By the time I was finishing up eighth grade, I had ditched my Carman albums and moved on to bands like Audio Adrenaline and Jars of Clay, groups who sported flannel shirts and surfer hair and did songs that sounded like praise choruses transposed into a minor key. “Lift me up—when I am falling / Lift me up—I’m weak and I’m dying.” Or the Newsboys, who produced albums like Hell Is For Wimps and Not Ashamed, and gained popularity for the track “Shine,” which assures teens that their faith can appear attractive to nonbelievers: “Shine, make them wonder what you’ve got / make them wish that they were not / on the outside looking bored.”
The piece is long, but an excellent tour of the movement in Christian music to “meet kids where they’re at” in the 90s. The paradox, O’Gieblyn notes, is that while evangelicals were bemoaning losing the youth, MTV was recognizing the reawakened spirituality of young people, and responding appropriately. As she puts it:
As CCM strove to keep up with an industry teens resented for its spiritual vacuity, MTV reached the acme of its marketing genius: its ability to take its audience’s disenchantment with commercialism, repackage it, and sell it back to them.
Like I said, my experience was almost exact parallel to hers. And like most younger evangelicals, during that middle phase of discovering Nirvana and Pearl Jam and all the glories of secular music I developed an acute ability to mock the imitative nature of CCM. Christians eventually learned the main lesson the music industry had to teach: “don’t let your marketing show.” But before then, whatever justice there is in such critiques, they are often neglect that the very context out of which they are made has been propped up by a massive research department devoted to cataloging our tastes.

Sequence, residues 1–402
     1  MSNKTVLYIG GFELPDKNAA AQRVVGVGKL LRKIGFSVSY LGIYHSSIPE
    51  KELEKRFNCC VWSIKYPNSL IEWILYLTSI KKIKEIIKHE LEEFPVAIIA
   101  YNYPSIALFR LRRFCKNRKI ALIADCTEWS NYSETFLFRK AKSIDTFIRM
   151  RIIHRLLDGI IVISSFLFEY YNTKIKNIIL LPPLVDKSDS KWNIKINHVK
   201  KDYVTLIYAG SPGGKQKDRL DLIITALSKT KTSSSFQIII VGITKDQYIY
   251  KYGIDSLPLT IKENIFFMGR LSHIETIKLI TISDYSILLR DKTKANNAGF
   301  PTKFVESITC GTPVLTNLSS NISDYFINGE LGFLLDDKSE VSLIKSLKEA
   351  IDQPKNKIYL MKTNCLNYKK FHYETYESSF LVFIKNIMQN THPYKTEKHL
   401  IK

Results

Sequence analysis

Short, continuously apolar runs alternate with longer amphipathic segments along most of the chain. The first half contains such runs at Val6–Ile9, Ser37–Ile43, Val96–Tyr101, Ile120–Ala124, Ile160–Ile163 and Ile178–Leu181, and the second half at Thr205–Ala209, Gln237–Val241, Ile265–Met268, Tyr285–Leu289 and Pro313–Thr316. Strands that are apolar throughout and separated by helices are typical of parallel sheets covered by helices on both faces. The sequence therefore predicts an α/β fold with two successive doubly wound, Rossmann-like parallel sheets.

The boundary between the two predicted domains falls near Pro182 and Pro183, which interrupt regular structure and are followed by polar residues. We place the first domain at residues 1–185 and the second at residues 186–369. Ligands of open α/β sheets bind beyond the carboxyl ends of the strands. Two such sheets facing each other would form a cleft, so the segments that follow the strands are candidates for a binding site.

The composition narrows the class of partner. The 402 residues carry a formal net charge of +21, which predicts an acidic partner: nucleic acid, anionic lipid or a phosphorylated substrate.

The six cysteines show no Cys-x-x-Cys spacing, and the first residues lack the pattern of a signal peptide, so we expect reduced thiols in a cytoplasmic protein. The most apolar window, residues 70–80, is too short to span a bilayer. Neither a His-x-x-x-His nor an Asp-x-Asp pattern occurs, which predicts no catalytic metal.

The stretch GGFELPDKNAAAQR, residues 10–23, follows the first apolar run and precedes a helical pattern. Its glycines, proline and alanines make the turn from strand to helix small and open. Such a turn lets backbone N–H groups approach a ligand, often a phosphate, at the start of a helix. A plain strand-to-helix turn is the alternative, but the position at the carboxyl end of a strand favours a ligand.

And that, in a nutshell, is the problem of living in a consumerist society. Precisely at the moment when we think we are waking up out of it, we are in danger of being most in it. Nirvana managed to make O’Gieblyn feel “smarter and hipper than the kids at church” and “less of a sucker in a world that was trying, on all fronts, to dupe [her].” But Nirvana was (for me) simply a gateway into another drug, one that managed to be simultaneously more potent and more subtle.
I’m continuing to work through whether we can escape all this, and–if we can–how. There’s the monastic strategy of withdrawing, and the Jamie Smith strategy of switching up liturgies. Wisdom in both of them.
But to put a third on the table (tendentiously), I wonder if some of us might do well to consume more and feel the empty exhaustion of it all. Take the Ecclesiastes path of going as deep into consumer culture as it is, and to find ourselves standing in the shallows as a way of recognizing its poverty and cultivating a desire for what is beyond.
Probably that way is not wise. But it may be the path that some of us take anyways.